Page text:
Again, it’s not the facts and figures that get me. It’s the memories, the guide’s insights, the fact that as we’re looking at a statue of Dr Tsemakh Shabad, the kindly character said to have inspired the story of Dr Dolittle, a gentleman approaches with a old film camera.
Dressed in black, he introduces himself, and points to the statue, which depicts Dr Shabad bending over to talk to a girl carrying a cat. The girl was sick, the man tells us, and so poor that she was cradling the animal to her neck to keep warm.
The more I explore, the more Vilnius starts to reveal its secrets. In fact, some 80% of the city’s houses, bars and businesses are hidden away in courtyards. I step into one and find a buzzing beer garden, full of bantering buddies, clinking glasses and candles jammed into wine bottles.
Then there’s U the self-proclaimed Republic of U.
Just over the Vilnia River in the Old Town, this bohemian neighbourhood is crammed with artists who, in 1997, clubbed together with free-spirited residents to declare a Republic, along with its own flag, president, cabinet, constitution and army... of 11 men.
The constitution includes articles like “everyone has the right to idle” and “a dog has the right to be a dog”, reminding me of the laid-back, anything-goes atmosphere of Christiana in Copenhagen. It even has its own guardian angel, courtesy of sculptor Romas Vilciauskas. Vilciauskas is also the artist behind the famous U Mermaid, which sits on the River Vilnia embankment nearby.
Vilnius has a pretty sparky nightlife, and doesn’t seem as overrun with stag parties as other Eastern European cities.
It didn’t escape the Soviet claw unscathed, however — as well as pretty churches, you’ll find plenty of concrete monstrosities, customer service that is often curt and sometimes comically bad, and weirdly aggressive drivers.
“We have friendly people... until they start driving,” one local shrugs.
Vilnius is a small place, and there’s no real reason to explore it other than on foot. Plus, you’ve got to love the fact that the same city that tore down statues of Lenin after Independence erected one of Frank Zappa — a cult musician with no Lithuanian connections whatsoever.
There’s more. I thought Ireland was obsessed with spuds, but did you know Lithuania has some 300 different potato dishes? Or that on December 22, the darkest day of the year, an old stump is dragged through city courtyards to collect the troubles of the year gone by?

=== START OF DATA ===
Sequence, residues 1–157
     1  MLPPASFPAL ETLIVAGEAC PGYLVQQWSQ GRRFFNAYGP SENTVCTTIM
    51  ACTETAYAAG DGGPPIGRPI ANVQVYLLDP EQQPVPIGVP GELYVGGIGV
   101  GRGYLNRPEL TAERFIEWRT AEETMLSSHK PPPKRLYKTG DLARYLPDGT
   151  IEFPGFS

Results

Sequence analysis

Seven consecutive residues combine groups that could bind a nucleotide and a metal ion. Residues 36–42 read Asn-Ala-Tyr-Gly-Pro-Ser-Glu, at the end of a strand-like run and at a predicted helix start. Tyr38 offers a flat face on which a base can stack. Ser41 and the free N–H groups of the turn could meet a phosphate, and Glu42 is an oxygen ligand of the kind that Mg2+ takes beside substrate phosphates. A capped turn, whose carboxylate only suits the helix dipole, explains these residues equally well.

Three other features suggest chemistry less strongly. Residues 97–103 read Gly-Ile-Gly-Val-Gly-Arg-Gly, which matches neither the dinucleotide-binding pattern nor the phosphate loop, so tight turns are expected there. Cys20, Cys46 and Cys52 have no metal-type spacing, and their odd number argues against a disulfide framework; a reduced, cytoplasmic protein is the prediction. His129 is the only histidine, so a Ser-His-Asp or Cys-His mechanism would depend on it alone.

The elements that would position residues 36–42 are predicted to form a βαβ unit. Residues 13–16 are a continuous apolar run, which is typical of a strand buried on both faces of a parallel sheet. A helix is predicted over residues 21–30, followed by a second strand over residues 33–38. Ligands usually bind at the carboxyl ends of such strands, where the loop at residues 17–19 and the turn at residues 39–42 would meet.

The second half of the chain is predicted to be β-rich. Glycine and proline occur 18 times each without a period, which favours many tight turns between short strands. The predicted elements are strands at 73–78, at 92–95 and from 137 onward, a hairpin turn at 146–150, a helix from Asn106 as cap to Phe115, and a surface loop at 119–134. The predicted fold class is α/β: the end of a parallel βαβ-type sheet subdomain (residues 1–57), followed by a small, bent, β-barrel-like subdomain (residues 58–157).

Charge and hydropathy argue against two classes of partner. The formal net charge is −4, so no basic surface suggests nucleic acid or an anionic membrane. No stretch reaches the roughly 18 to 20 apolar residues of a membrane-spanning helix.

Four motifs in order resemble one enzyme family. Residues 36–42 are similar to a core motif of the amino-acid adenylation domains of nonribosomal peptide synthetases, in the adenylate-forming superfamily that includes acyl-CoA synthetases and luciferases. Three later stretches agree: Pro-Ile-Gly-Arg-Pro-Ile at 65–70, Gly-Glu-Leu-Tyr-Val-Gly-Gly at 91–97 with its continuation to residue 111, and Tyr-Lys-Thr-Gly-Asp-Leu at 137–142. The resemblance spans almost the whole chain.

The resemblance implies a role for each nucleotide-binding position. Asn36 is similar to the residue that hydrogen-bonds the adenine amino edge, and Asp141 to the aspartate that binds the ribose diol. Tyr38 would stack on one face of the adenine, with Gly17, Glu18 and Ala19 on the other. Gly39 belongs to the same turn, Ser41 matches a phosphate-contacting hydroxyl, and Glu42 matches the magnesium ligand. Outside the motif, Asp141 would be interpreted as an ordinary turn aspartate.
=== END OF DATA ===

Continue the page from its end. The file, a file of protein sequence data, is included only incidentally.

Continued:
Alain de Botton should visit. It’s not at all hard to get talking to Lithuanians, and once you do, the experiences can get vivid and visceral indeed.
HOW TO GET THERE
Ryanair (Ryanair.com) and Wizz Air (wizzair.com) fly direct from Cork to Vilnius, with departures on Mondays, Wednesdays and Fridays. Ryanair and Aer Lingus (aerlingus.com) fly direct from Dublin. Fares from Cork start from €33 one-way.
Where to stay
Stikliai Hotel (stikliaihotel.lt) is a Relais & Chateaux property, with rooms laid out around an enclosed courtyard in a former glass blowers’ factory. Doubles from €171. The cosy, family-run Grybas House (grybashouse.com) is another option, with doubles from €87.
Where to eat
Decent service may be hard to come by, but you’ll find pretty much any food in Vilnius. For traditional Lithuanian fare, try Lokys (lokys.lt), set in evocative old cellars beneath a 15th century townhouse. Tores Restaurant (tores.lt) is a good place for views over the cityscape and surrounding hills.
For more options, see inyourpocket.com.
Vilnius’s Christmas fair runs from Dec 15 through Jan 6, with numerous concerts, exhibitions, markets and other events scheduled for the Old Town. The markets take place in Odminiu Square. For further information, visit Vilnius-tourism.lt.
What to see
If you have a couple of days in Vilnius, a trip to Trakai is worthwhile. The 15th century castle and museum is set in the middle of Lake Galve, some 29km west of the city, and surrounded by souvenir stalls and fairytale forests. See trakai.info/ en for more.
Where to shop
Unless you’re a Baltic amber aficionado, you probably aren’t travelling to Vilnius to shop. Nevertheless, browsing the Old Town for souvenirs can be fun, and you’ll find a reasonable selection of designer labels and books on Gedimino Street.